- 200MPH: HURRICANE DORIAN’S WIND SPEEDS AS IT PASSES OVER GRAND BAHAMA
- 18-23 FT.: STORM SURGE BROUGHT BY HURRICANE DORIAN
- 20.6K: PEOPLE ESTIMATED EXPOSED TO DAMAGING WINDS Sources:
BAHAMAS: HURRICANE DORIAN
At 12:45pm EST, Dorian made landfall as a category 5 hurricane on Elbow Cay in the Abacos Islands (pop 17,200) with windspeeds increased to 185mph. At present (2 September, 10:00am EST), Dorian is lashing Grand Bahama (pop. 51,000) with destructive wind gusts up to 200mph and storm surge of 18-23 feet.
Hurricane warnings remain in effect for northwestern Bahamas. The Bahamas Department of Meteorology (BDM) is not expecting to issue an all-clear status until 3 September.
Between Abaco and Grand Bahama, the Pacific Disaster Center (PDC) estimates some 20,637 people exposed to damaging winds. PDC estimates that of this population, around 22 per cent are children under 15, around 71 per cent are people between 15-64 years old and around eight per cent are over 64 years old.
The main area of concern for Abaco is central Abaco around Marsh Harbor and northern Abaco. Unconfirmed media reports from Marsh Harbor indicate badly damaged roofing and that power lines are already down across Abaco and some roads are impassable. Flooding in Abaco is believed to have contaminated wells with saltwater. The National Emergency Management Agency (NEMA) indicates that there are reports of massive flooding in Grand Bahama as well.
Shelter, WASH, food and early recovery have been identified as priority needs thus far. Bahamian authorities and response partners already in country are also evaluating logistics scenarios to Abaco and Grand Bahama.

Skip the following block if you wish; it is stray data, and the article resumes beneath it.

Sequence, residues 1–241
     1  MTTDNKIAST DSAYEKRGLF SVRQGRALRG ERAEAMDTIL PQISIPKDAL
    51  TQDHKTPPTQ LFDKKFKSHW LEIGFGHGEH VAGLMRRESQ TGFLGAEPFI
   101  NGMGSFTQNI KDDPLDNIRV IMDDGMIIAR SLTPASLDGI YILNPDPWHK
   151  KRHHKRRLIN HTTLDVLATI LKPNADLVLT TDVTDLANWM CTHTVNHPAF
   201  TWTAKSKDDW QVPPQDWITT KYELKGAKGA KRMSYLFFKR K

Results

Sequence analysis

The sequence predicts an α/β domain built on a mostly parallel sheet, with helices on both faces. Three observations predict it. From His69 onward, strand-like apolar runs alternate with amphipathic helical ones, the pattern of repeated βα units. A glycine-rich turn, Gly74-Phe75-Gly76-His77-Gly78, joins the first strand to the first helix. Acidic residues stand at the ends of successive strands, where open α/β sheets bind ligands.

Members of the Rapid Needs Assessment Teams (RNAT) began arrival in Nassau, Bahamas on 31 August and are on stand-by to be deployed into the impacted areas immediately after the all-clear has been issued.
The RNAT currently consist of 18 persons from the CDEMA Participating States, Caribbean Public Health Agency (CARPHA), Global Affairs Canada (GAC), PAHO, Port Managers Association of the Caribbean (PMAC), Private Sector, OCHA and WFP.
BOLIVIA: FOREST FIRES
According to the Ministry of Environment and Water (MMAyA), as of 30 August, the ongoing forest fires in the eastern Bolivia department of Santa Cruz have affected 521,000 hectares of forest and 726,000 hectares of grassland, which in turn have affected 73 communities across 15 municipalities.
There 1,917 affected families across 18 Santa Cruz municipalities.
President Evo Morales announced on 25 August that Bolivia would welcome voluntary international assistance. The Ministry of Foreign Affairs has been briefed on the various offers of support that have come in from abroad.
The Development Bank of Latin America (CAF) reported a donation of US$300,000 and the provision of a concessional loan for recovery. The Inter-American Development Bank (IDB) reports they have $200,000 available for response.
The Swiss Agency for Development and Cooperation (SDC), who are providing technical support to the Viceministry of Civil Defense (VIDECI) in Roboré, pledged an initial support of some $50,000, designating $35,000 for firefighting supplies.
UNDP is able to mobilize between $100,000-150,000 to assist Government actions. FAO confirmed the availability of $500,000 for livelihoods recovery, agriculture and the environment for affected areas.
The departmental government of Santa Cruz, first response teams, volunteers and private sectors workers are currently working under a decentralized coordination structure.
VIDECI is leading operational coordination of the first response. SDC’s Rapid Support Group and an OCHA IM specialist are supporting response operations. Bolivia’s Ministry of Planning and Development have been charged with the post-fire response.